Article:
(2002) Directed by Julie Taymor. Salma Hayek, Alfred Molina, Geoffrey Rush. (123 min.) 35mm print from Park Circus. R
Dressed in colorful Tehuana outfits, from a part of Mexico that was traditionally matriarchal, Frida Kahlo brought her physical pain and emotional passion alive in surrealist self-portrait canvases. Director Julie Taymor (Broadway’s The Lion King) uses magical realism to suggest the imaginative universe of one of art history’s few iconic women. The film was a passion project of Salma Hayek (she was Oscar nominated), who famously had to compromise for financing on Harvey Weinstein’s bed of nails.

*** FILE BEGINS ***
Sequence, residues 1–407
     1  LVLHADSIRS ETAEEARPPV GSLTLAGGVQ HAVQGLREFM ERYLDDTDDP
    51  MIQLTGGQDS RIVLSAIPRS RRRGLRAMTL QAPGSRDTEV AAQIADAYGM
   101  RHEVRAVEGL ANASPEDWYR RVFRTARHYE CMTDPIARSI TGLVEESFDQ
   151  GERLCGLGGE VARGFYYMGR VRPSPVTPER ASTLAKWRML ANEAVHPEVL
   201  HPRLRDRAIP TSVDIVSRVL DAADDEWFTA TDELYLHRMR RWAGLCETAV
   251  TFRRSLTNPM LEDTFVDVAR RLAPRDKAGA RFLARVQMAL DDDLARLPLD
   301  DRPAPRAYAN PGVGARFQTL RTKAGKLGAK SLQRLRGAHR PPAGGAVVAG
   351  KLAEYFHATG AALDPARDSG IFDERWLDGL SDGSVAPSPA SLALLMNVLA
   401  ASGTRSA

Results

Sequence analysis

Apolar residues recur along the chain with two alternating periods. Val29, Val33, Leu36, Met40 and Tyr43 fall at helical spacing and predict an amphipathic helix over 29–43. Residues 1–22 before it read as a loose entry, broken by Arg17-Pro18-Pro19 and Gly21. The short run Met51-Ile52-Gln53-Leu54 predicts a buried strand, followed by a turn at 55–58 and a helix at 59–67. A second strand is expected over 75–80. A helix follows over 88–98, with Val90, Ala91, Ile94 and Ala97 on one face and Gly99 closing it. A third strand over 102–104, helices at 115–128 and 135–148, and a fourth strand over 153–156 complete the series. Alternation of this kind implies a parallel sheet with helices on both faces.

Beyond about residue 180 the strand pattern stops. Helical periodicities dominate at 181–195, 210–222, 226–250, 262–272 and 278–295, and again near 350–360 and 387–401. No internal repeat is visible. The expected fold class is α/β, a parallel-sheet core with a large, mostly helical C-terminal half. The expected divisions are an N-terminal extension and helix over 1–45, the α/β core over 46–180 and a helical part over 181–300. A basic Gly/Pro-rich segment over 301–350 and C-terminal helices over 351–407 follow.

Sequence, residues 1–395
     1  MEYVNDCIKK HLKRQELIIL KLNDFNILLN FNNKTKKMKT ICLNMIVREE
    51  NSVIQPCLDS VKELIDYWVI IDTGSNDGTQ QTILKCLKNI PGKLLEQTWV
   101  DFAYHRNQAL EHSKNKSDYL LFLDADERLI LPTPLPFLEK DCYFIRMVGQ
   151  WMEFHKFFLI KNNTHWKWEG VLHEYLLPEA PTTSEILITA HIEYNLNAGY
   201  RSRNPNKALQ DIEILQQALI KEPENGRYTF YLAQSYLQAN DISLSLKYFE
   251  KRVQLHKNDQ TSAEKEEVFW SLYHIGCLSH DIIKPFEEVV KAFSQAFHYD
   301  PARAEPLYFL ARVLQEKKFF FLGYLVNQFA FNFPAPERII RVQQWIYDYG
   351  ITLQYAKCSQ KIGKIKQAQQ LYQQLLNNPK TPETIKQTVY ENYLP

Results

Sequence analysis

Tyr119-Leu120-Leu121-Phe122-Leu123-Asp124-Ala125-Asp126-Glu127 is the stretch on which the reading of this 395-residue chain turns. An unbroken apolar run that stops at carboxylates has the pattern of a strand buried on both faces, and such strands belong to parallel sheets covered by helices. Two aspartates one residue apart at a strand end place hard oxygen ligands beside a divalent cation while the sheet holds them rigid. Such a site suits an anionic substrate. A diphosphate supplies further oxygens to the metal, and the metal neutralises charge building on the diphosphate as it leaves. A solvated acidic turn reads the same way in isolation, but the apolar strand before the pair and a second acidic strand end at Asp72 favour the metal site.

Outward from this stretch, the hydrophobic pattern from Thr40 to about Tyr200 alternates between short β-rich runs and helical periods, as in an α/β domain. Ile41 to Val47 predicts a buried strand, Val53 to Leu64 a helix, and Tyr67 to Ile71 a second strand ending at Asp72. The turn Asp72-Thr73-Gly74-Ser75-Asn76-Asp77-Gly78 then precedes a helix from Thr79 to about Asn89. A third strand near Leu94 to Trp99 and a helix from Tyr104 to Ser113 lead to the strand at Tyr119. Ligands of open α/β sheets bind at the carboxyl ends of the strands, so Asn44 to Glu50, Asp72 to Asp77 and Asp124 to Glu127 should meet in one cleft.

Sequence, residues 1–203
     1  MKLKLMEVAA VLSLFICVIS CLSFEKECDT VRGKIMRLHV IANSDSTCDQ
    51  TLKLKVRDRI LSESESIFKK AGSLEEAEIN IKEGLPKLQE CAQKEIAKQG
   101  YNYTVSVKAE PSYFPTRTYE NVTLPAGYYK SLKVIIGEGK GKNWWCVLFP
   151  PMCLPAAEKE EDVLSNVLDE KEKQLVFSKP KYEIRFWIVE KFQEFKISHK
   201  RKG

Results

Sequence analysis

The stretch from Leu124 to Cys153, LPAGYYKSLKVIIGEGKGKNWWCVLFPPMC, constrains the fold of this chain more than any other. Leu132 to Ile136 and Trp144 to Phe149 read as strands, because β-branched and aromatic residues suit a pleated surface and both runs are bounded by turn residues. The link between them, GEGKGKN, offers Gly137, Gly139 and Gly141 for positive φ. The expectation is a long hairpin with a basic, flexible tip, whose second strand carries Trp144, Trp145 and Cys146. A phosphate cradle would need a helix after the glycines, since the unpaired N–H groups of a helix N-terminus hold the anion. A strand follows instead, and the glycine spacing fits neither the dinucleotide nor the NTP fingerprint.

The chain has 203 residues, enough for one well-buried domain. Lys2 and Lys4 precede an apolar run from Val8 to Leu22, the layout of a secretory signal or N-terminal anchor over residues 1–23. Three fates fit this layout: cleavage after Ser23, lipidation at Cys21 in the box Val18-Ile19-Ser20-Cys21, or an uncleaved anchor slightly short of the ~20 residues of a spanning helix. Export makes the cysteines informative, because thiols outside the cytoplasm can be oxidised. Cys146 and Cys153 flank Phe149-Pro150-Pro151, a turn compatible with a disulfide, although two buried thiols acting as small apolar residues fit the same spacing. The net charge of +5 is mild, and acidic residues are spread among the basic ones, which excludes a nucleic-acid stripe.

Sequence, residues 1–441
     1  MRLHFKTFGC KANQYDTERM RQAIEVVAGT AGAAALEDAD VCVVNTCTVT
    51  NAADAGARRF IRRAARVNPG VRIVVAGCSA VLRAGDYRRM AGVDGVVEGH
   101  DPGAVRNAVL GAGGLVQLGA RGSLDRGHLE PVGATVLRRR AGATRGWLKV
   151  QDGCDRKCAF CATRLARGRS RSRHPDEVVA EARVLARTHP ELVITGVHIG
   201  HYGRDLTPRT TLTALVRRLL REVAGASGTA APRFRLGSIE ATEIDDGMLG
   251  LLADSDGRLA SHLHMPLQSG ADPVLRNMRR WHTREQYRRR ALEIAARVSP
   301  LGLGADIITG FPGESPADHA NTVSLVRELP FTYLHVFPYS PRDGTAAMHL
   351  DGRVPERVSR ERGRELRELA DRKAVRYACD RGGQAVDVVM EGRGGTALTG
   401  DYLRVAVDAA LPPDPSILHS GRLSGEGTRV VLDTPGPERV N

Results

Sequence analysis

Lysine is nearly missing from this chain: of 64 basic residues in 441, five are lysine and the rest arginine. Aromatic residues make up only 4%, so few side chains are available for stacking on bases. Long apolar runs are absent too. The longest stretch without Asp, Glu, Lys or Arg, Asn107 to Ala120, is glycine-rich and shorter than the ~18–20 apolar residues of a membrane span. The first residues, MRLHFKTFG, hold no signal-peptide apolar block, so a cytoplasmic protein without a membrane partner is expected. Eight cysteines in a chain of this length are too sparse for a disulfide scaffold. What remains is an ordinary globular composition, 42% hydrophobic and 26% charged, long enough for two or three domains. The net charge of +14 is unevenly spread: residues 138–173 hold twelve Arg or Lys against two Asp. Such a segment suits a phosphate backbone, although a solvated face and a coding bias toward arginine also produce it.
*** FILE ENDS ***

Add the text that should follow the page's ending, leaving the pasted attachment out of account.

“The movie manages to break free—in bursts of color, imagination, music, sex and over-the-top theatricality—it honors the artist's brave, anarchic spirit” (New York Times).
Experience the lives, loves, and influence of two art icons of the 20th century. Few artists have captured the public's imagination with the force of Mexican painter Frida Kahlo (1907–54) and her husband, the Mexican painter and muralist Diego Rivera (1886–1957). The myths that surrounded them in their lifetime arose not only from their significant bodies of work, but also from their friendships (and conflicts) with leading political figures and their passionate, tempestuous personal relationships.